Mayo Farmer James White has just completed the conservation of the last remaining building standing from an estate that dates back to the 18th century on his land at Ashbrook, Strade, Co Mayo.

The project was carried out with grant assistance from the Green Low-Carbon Agri-Environmental Scheme (GLAS) Traditional Farm Buildings grant aid scheme which is funded by the Department of Agriculture and managed by the Irish Heritage Council.

According to James, the estate is steeped in history, with the earliest development dating back as far as the late 17th century. He says the original development was carried out by Captain George Moore, who fought in the Williamite army at the Battle of the Boyne in 1690 and was granted lands at Ashbrook.

Roof works under way following an assessment of procedures to safeguard the salvage and reuse of existing materials and protection of bat species.

His grandson, who was also named George Moore, set up home there with his wife Catherine in 1729 and he became a successful wine merchant in Spain. He died in 1799 and is buried in the grounds of the old Catholic church in Ashbrook. The exact date the buildings were constructed is not known but it is likely it was in the early 18th century.

Conservation project

While the main house at Ashbrook is in ruins, a remaining two-storey section has survived and has been in use as a hay barn for many years. The building had fallen into some disrepair, with the roof and loft in particular requiring attention. This was the main focus of the project, but the external stones giving access to the loft floor, the loft doors and ground floor window were also included for repair as part of the works.

Works were carried out by Charles Stewart of the Midland Restoration Company, with conservation consultancy services provided by Áine Doyle Conservation Consultant. Áine explains the works were carried out with particular attention to the protection of two species of bat – the brown long-eared bat and soprano pipistrelles.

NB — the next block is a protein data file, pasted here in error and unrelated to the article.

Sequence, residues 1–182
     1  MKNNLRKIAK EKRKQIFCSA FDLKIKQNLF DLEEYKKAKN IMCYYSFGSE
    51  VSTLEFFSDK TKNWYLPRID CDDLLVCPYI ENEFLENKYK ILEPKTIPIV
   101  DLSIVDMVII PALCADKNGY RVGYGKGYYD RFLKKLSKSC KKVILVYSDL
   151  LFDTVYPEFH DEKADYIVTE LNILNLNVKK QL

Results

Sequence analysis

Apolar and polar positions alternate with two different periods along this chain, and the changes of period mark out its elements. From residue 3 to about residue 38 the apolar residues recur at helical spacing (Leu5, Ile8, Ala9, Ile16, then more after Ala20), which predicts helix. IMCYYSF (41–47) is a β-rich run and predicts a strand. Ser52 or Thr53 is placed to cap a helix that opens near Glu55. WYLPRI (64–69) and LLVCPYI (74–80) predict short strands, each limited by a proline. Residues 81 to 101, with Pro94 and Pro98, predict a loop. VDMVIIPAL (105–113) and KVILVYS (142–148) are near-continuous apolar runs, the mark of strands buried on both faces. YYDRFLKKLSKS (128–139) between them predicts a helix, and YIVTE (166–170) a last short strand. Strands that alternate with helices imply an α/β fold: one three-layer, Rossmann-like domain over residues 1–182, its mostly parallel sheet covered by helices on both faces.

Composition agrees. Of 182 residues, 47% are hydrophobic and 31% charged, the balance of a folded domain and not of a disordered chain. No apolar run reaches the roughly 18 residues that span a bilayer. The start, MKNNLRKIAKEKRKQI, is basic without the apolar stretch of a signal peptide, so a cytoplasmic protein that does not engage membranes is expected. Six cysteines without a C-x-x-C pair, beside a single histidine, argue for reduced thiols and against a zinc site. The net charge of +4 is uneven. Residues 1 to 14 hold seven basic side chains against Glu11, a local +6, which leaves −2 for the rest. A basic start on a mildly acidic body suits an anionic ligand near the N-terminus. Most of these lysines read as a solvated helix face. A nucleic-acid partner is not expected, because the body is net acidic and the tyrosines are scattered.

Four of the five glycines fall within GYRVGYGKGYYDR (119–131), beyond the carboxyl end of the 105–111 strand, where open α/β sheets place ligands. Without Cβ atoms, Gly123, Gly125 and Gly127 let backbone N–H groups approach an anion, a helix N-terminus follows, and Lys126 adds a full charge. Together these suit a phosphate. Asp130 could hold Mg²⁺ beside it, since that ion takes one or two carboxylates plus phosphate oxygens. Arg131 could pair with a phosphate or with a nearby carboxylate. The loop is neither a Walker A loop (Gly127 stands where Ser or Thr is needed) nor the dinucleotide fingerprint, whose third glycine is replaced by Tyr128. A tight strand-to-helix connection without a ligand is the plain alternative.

Cracks to the internal walls along by the chimney stacks were repaired by removing the plaster and repointing the stone work.

Barbara McInerney of Wild On Foot Ecological Services advised on how the project could be completed while at the same time ensuring protection of wildlife, with the bats found to be using the building as a roosting site.

Roof conservation

As mentioned already the main task was repairing the roof. Áine says they were lucky, with 90% of the natural slates salvaged and re-applied. The roof timbers were also in good repair, with the roof structure reinforced and strengthened by doubling up on rafters and collar ties while the chimneystacks were also stabilised.

There were cracks in both gable walls, with this rectified by stitching, pinning and pointing with lime mortar. The loft floor was strengthened by inserting two new timber beams and doubling up on all timber floor joists while the loft floor was also replaced. Áine says the dilapidated external stone staircase was reconstructed and brought back to close to its original condition, while the loft doors were replaced with new traditional timber plank doors painted with a linseed oil-based paint.

The roof structure was in relatively good shape given its age and was strengthened by doubling up on rafters and inserting collar ties.

The ground floor window was replaced with a timber louvred window while repairs were made to the arch over the ground floor door opening. Adjoining ruined stone walls which were located next to the entrance door to the ground floor and which posed a health and safety risk were dismantled and reconstructed in a safe manner.

In the region of 90% of the original slates have been salvaged and re-used.

Cost and review

The total costs for the project were €21,936. These include contractors’ costs and professional fees. Áine says everyone involved is happy with how the project turned out, pointing out the repairs will ensure the survival of the building and safeguard an important element of Mayo’s architectural heritage. The added bonus for James White is the continued use of a handy shed.